My “Jahreskarte” for the Viennese art history museums grants me the pleasure of roaming through Vienna’s finest art collections at my leisure for a year before I must renew.  On this particular day I chose the Papyrus Museum, housed in the oh-so-beautiful Austrian National Library building.  I am not, of course, an art historian, but I do appreciate well documented findings from the past.

 

 Like this one, an ancient Egyptian formulae for toothpaste. To think how we take for granted that Tom’s of Maine tube we toss into our carts at Trader Joe’s.

And this partial page from a Quran.  To think about the peoples and thoughts that came before me is humbling.

This simpler note records a young woman’s questions about marrying a certain young man. Didn’t we all have those uncertainties? Imagine them being unearthed for all of time to see?

But this, a near-compendium on the care of a vineyard, may show where the ancient Egyptians priorities were.

From the Papyrus Museum I moved to the Ephesus Museum, housed in the stunning Neue Burg wing of the Hofburg complex. Imagine this being your home.

The museum is spectacular; the exhibits are well curated. Take for instance, this recreation of an ancient Greek moment. Without the context it really just seems like a pile of rocks.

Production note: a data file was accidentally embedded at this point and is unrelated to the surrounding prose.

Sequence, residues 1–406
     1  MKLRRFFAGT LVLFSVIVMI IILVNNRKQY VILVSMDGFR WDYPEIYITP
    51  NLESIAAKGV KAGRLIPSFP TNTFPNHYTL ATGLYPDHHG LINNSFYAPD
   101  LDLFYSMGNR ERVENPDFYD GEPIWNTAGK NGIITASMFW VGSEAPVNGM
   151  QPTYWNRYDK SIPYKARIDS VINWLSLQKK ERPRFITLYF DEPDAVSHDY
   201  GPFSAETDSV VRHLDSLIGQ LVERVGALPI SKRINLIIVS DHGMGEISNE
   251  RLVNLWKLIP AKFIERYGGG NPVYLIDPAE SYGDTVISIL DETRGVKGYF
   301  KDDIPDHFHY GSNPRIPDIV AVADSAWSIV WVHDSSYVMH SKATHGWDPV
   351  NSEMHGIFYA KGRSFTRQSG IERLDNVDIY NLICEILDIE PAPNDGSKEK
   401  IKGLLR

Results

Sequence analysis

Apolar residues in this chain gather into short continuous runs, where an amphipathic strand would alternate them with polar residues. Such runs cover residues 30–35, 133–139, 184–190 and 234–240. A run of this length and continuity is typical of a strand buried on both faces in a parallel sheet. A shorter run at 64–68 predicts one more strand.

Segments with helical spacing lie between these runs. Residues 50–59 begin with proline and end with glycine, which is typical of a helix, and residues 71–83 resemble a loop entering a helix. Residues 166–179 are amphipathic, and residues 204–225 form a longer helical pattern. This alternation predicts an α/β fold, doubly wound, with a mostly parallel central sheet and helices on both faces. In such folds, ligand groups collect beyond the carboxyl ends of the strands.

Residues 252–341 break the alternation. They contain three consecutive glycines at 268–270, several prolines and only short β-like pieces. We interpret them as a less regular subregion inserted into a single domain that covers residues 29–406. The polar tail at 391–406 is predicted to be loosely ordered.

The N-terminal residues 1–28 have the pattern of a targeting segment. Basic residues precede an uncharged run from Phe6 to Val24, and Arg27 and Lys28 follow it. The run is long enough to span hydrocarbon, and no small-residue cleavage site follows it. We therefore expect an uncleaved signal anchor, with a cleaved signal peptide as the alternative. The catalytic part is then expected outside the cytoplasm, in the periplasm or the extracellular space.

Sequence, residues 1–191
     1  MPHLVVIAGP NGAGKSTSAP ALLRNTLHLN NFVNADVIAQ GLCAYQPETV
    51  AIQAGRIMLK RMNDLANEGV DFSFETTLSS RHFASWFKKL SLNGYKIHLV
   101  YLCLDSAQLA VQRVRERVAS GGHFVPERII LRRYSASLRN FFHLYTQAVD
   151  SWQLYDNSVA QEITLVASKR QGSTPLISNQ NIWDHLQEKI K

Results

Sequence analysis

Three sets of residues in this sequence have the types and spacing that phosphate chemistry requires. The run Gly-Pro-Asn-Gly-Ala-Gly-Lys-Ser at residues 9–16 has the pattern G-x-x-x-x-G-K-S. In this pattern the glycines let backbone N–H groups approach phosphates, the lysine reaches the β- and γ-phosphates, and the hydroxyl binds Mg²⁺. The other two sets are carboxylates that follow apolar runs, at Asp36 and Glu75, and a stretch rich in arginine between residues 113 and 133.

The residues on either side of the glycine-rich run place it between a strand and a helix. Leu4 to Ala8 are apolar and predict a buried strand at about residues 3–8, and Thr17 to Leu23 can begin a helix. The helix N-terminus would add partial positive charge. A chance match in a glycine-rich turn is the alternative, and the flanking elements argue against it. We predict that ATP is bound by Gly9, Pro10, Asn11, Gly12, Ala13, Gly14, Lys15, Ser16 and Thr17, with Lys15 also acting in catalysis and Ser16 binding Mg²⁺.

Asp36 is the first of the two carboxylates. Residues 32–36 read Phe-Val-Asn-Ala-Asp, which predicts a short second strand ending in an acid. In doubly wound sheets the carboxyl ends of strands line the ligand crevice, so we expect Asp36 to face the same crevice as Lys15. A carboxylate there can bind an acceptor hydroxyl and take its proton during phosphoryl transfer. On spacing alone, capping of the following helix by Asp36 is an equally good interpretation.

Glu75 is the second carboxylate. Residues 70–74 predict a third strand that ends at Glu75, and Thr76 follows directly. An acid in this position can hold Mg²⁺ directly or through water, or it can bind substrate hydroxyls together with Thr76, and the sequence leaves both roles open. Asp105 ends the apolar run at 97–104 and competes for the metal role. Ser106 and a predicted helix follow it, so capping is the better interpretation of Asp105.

Because I am not an ancient Greek historian, I shall call this, “Splitting Headache.”

Here we have a pretty collection of ancient Greek oil lamps. This one is the “Victoria” lamp. Can’t imagine why I’m partial to it.

I would probably feel the same if I had a wing projecting from the top of my head.

Oh!  Whatever could be her concern?
I see. Inexplicable modern art.

The museum is truly worth a visit, but is, alas, not all that on the tourist beat. This grand hall showcased magnificent ancient Greek market scenes.

 

Also within Neue Burg are the Museums of Ancient Musical Instruments and Arms and Armor.

Another wing of Neue Burg, for another day.